Day two of the SBC Digital Summit North America this week saw a panel of industry experts focus attention on innovations in payment options in the online and land-based verticals and the challenges that might rise in COVID-19 times.
In the panel titled ‘Assessing the Payments Infrastructure’, Behman Dayanim, Partner at Paul Hastings LLC, Mandi Hart, SVP of Client Success at Sightline, and Rick Arpin, Managing Partner at KPMG Las Vegas, analyzed the status of payments within different gaming verticals, under the moderation of Jonathan Michaels, VP, Strategic Alliances, at the American Gaming Association (AGA).
AGA’s research shows that 41% of respondents in a recent study listed safety, security or privacy as barriers to using digital wallets and payment options. Behman agreed and said that “this is a front burner issue for the industry” and that there are two different ways to look at it, from the consumer or the regulator perspective: “The consumer is focused on privacy and security,” he advised. “There are a number of regimes already in place that are designed to address those goals.”
“There’s a variety of regulatory structures that are already there, and I think that consumers have gotten comfortable with them because they utilize electronic forms of payment and a variety of settings. It’s a matter of a mental shift so that they start thinking about gaming in the same way. Ironically, gaming consumers in many cases already provide casinos with an enormous amount of personal information. So, really, the shift from cash to electronic forms of payments materially won’t make any difference.”
Behman added that from a regulatory perspective, there is a lot of focus on issues of privacy and security, but also on issues like data sharing. “With whom will that data be shared? Aside from the casino operator, will the payment provider have the right to use the data in any way? That’s a question that comes up at times, as well as identity verification and money laundering.”
“In electronic payment settings, they’re more easily addressed because, as they’re new to gaming regulators, sometimes they require some explanation and description so that they can get comfortable. These payments methods are in fact designed to prevent these kinds of abuses,” he added.
Michaels highlighted the digital transformation taking place with payments and how it fits into an omnichannel gaming environment. Recently, Nevada opened the door to update the state’s casino regulations and allow cashless betting.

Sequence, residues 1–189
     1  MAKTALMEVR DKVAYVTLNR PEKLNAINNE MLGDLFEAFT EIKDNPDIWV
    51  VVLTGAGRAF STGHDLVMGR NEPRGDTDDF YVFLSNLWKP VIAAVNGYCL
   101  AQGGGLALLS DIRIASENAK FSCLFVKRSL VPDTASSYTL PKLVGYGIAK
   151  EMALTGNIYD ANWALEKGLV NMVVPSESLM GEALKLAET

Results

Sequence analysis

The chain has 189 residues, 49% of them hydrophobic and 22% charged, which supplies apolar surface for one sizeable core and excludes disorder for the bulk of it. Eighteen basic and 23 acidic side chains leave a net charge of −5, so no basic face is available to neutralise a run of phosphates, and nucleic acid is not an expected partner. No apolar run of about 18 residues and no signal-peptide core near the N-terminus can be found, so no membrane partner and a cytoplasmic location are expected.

In that regard, Hart assured that the regulation is “well timed with COVID and with the increased need for contactless payments”. However, she said that there are some areas that need to remain focused on, such as how to be able to move that cashless environment from something people use everyday.
“Consumers still see that environment differently, we have to educate people on these services and their capabilities.But also what’s important about it is making them comfortable. That’s the whole premise behind security elements, privacy elements, and all of the concerns for potential barriers that may come with them, and [it’s important] to work through those.”
She added: “[It’s about] making sure that customers feel protected, safe and comfortable with these types of transactions and making it a seamless and an easy experience that it’s not too hard to follow, but making them realize that they are living up to the same standards as any other payment process that they may experience.”
Transitioning from traditional methods of payments to the digital side and making that process as frictionless as possible is one of the biggest challenges that operators face. In that sense, Arpin argued that when facing complex problems, sometimes there is an inertia to feel overwhelmed and do nothing. “But I feel like we’re at the precipice finally,” he commented.
SBC Digital Summit North America will conclude today. But with plenty of activity and some big names lined up to speak, there is still time to register or obtain more information via the event’s official website.